WHERE THE BUCK STOPS
A WISH LIST FROM THE HORSE’S MOUTH
Yamini Sequeira speaks to a cross section of export sector leaders about the state of play amid multiple crises
“Our export results in 2021 are particularly noteworthy given the global trading environment. Some of our peer nations have experienced material declines in trade while Sri Lanka has maintained growth. This is a testament to the tenacity of our exporters and the relentless enhancement of their value proposition to customers,” says the Chairman and Chief Executive of the Sri Lanka Export Development Board (EDB) Suresh de Mel.
Sri Lanka’s merchandise exports surpassed a milestone of US$ 12 billion and reached 12.5 billion dollars in 2021. Many sectors including major export earners experienced a noteworthy revival during the year. These sectors include apparel and textiles, tea, rubber and rubber finished products, coconut and coconut-based products, electrical and electronic components, spices and essential oils.
The export of services also displayed a significant improvement last year as it expanded by 22.6 percent compared to 2020. These consist of ICT/BPM, construction, financial services, transport and logistics in the main.
Commenting on how he perceives the global economic recovery, De Mel responds: “Economies around the world are now experiencing a third year of the COVID-19 pandemic. According to the World Bank, the output of many countries rebounded last year in comparison to the substantial decline in 2020. Global economic growth recorded 5.1 percent in 2021 but this is expected to decelerate to 4.1 percent this year.”
He points out that output in the South Asian region has recovered since the third quarter of 2021. Inflation in the region has spiked due to supply-side problems, and increases in energy and food prices. However, the challenges faced in 2021 are gradually resolving with output in the region expected to expand by 7.2 percent in 2022 compared to seven percent last year.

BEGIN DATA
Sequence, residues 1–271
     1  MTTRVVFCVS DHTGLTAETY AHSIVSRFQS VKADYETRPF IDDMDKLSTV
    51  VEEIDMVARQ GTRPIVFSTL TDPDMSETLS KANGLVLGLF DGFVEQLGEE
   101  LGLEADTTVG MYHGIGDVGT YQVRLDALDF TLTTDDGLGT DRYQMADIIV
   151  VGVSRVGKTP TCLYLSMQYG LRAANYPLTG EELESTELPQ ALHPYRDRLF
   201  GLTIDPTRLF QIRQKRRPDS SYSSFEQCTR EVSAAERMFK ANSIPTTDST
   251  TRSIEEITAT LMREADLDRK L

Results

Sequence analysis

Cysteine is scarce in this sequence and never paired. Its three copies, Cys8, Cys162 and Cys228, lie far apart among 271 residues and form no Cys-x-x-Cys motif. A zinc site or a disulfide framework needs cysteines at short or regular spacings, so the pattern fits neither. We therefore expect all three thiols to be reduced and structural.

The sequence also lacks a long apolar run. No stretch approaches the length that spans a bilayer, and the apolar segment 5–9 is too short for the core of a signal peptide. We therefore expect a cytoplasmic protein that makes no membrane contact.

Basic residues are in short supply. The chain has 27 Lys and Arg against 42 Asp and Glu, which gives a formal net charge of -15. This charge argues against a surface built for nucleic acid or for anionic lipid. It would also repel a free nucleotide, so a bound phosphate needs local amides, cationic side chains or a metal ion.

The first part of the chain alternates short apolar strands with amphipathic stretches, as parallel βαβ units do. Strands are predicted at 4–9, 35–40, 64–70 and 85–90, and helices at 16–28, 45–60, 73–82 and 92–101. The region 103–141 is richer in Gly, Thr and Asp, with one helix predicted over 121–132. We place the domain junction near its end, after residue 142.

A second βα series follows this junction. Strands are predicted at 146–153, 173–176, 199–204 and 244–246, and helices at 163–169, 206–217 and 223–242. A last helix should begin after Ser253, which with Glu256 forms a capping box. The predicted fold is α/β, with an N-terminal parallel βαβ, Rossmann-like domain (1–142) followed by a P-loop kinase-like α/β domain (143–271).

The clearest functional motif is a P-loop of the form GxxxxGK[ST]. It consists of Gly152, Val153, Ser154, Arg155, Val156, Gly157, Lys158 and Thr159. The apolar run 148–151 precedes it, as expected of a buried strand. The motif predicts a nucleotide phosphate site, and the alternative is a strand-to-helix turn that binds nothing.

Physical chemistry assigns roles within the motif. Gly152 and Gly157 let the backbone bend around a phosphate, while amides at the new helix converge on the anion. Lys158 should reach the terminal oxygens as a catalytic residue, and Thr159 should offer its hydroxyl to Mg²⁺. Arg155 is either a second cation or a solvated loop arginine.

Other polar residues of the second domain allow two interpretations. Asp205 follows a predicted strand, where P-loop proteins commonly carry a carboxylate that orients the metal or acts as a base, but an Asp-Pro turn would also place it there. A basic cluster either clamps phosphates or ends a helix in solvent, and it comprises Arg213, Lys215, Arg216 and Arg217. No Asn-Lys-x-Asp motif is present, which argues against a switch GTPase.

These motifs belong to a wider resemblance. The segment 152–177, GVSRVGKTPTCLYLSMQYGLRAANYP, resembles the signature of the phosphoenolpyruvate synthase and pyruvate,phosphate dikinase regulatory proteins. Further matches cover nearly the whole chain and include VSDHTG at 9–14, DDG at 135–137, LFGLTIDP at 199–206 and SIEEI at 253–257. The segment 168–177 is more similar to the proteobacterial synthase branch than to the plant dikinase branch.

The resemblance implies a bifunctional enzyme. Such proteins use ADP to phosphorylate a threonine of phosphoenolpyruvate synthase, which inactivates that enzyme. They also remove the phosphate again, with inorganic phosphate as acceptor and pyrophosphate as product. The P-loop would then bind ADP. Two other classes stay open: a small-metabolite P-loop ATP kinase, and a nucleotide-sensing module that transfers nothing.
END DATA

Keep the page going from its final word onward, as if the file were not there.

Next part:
On our nation’s position, De Mel asserts that “Sri Lanka is among the top countries in the region to vaccinate most of its population against COVID-19. Our macroeconomic policies remain accommodative to keep the economy stable. Therefore, we believe that the economy and export sector will recover further in 2022, and achieve set economic and exportation targets.”
Some of the potential items for export currently being developed are organic products, natural ingredients (e.g. spices and concentrates, as well as health food and superfoods), herbal teas, personal protective equipment (PPE) related items (e.g. face masks, surgical gloves, polythene coveralls and sanitisers), and marine and offshore services.
Regarding roadblocks that the exports sector faces, he avers: “We need to come together to work as a united force aligning with government policies. Due to COVID-19, many SMEs struggled but e-commerce was highly successful and changed spending patterns in most consumers. So the growth of e-commerce is the new business model that should be embraced by enterprises to operate in the post-pandemic era.”
Sri Lankan SMEs represent a high percentage of established businesses in the country and the sector is fragile – so it needs to be nurtured with due care. De Mel stresses: “Being part of a larger value chain is critical for SMEs to become more stable.”
In his view, Sri Lanka needs to look for avenues that add more value: “Being a small island, we have to pursue greater value addition. Furthermore, we should be looking at high end niche markets that will pay premium prices. Sri Lanka has investors who have invested heavily in value addition but this should be a practice among all our entrepreneurs.”
What’s more, Sri Lanka has been overdependent on a few markets and catering only to them for the past few decades. De Mel recommends: “We should be willing to diversify to new markets, and it’s high time to make that change happen. Businesses should look for new sourcing destinations in the future to maintain production lines.”
The COVID-19 pandemic has certainly affected the outlook for global maritime trade and the world economy; and Sri Lanka is no exception, since it’s a part of this supply chain. Moreover, the Sri Lanka Ports Authority (SLPA) has had to adjust to the reality of lower volumes, workforce shortages, implementation of occupational health and safety measures for dockers and shore personnel, and the adoption of teleworking and remote operations for office workers.